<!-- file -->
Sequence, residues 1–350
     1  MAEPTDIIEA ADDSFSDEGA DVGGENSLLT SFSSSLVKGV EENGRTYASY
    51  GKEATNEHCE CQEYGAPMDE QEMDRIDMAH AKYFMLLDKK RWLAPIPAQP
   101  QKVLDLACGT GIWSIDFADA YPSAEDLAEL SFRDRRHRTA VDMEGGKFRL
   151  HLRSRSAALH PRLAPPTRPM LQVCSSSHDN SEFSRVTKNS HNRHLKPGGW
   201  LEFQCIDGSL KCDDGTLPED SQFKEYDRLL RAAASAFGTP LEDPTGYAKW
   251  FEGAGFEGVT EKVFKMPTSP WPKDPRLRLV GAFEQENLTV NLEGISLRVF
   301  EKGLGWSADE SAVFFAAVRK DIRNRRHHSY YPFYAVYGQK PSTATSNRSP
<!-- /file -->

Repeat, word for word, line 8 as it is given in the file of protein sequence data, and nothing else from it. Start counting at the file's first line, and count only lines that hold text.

   301  EKGLGWSADE SAVFFAAVRK DIRNRRHHSY YPFYAVYGQK PSTATSNRSP